Well, San Francisco has an extremely important sister-city relationship with Shanghai.  And it’s also the 30th anniversary of Isaac Stern’s historic visit to the Shanghai Conservatory, which was chronicled in the film From Mao to Mozart – 1979 was when that happened.  The visits of artists and musicians were a big part of the opening of China, and China understands that cultural exchange is an accompaniment to diplomatic communication.  We’ll be offering two programs there, including From the Path of Beauty, a work we commissioned from Chen Yi and perform with the Shanghai Quartet.  Weigang Li, the founder of the Shanghai Quartet, was at the Shanghai Conservatory when Isaac Stern came.  He went on to became one of the first Chinese musicians to come to San Francisco as the door opened.  He learned about string quartets in San Francisco, and then went back to Shanghai and founded this one.  The commercial relationship that exists between China and the U.S. is huge, and cultural exchanges paved the way.  But when the going gets sticky, as it might again, the real people-to-people exchanges need to go on.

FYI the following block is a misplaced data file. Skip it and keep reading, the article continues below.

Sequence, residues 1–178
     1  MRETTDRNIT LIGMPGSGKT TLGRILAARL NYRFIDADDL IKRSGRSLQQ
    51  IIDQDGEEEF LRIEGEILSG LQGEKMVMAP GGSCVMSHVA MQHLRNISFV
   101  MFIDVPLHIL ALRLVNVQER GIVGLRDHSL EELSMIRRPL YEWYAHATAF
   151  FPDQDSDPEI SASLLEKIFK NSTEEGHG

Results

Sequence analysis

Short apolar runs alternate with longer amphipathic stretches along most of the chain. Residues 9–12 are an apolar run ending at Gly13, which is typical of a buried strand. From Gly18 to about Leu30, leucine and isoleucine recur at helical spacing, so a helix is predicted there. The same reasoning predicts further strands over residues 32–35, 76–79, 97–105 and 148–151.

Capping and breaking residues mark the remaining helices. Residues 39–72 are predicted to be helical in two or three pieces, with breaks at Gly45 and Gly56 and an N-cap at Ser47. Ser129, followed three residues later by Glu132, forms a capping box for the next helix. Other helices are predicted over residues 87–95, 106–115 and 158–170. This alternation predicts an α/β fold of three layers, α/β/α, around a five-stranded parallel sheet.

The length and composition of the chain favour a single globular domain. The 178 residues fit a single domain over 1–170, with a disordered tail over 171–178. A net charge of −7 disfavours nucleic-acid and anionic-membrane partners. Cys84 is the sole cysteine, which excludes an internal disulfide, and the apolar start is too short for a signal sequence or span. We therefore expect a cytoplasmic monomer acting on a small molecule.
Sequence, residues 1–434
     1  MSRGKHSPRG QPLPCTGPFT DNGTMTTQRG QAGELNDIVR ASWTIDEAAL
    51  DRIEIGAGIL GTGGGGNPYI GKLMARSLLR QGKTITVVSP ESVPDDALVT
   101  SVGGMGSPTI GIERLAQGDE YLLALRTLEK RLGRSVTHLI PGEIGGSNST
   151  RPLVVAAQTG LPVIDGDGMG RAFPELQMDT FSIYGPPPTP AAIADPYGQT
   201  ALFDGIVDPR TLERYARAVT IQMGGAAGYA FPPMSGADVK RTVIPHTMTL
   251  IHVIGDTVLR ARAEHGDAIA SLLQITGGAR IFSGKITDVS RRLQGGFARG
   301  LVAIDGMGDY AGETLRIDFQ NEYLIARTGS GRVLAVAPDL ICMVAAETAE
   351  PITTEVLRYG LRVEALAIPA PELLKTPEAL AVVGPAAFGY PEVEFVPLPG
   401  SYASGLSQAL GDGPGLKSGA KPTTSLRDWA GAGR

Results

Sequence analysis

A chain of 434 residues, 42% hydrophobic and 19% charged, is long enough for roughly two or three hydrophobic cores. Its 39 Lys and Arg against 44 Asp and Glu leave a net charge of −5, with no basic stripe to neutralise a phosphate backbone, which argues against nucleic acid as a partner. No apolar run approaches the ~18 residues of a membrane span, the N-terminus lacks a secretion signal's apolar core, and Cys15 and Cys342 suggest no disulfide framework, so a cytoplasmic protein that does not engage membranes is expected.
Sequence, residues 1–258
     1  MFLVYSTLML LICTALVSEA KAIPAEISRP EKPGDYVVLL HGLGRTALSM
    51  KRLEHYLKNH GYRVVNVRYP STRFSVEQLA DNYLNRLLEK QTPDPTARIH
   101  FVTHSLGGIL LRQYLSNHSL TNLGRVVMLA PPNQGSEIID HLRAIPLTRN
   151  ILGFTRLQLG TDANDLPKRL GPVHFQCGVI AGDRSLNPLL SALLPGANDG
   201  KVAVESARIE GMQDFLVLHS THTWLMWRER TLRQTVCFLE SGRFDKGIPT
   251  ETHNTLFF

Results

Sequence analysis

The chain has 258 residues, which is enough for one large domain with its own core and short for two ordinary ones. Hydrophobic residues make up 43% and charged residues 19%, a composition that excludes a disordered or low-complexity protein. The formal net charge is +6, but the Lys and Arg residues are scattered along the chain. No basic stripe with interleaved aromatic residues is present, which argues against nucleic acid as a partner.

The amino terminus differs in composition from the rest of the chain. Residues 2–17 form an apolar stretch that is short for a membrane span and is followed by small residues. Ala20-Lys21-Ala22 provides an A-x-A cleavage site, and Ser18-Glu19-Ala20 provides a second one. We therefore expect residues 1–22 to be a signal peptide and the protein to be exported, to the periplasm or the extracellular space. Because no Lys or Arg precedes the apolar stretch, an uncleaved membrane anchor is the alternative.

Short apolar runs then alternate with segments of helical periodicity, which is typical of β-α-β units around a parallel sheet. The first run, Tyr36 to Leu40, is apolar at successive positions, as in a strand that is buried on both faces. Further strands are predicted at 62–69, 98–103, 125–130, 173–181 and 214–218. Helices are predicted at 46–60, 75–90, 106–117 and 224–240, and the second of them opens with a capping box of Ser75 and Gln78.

Chanticleer has had a very ambitious education program over the years and spends a lot of time in schools working with young singers.  Tell us about some of the activities you’ll be doing in the coming weeks.

In Hibbing, Minnesota – that out of the way place where Fargo was filmed – we’ll be doing our Youth Choral festival that we do around the country every year.  Minnesota is important to us because of our long ties to Minnesota Public Radio, but also because it is choral “ground zero” in the United States.  Choral activity is huge there.  We invited the Hibbing High School to work with us a few years ago.  And now they‘ve invited us and we’ve decided to do it.  Some of our education initiatives are funded by the NEA [National Endowment for the Arts], and our ongoing goal is to hook up with the people who are the “energy points” in our field, especially the choral directors with zeal.  And that’s how these festivals happen.  It’s all about these people and their willingness to step out.  In ways, our educational program is our best-kept secret: people hear what we do in this area but they probably don’t realize how much time and attention we devote to it.  And we don’t do this grudgingly.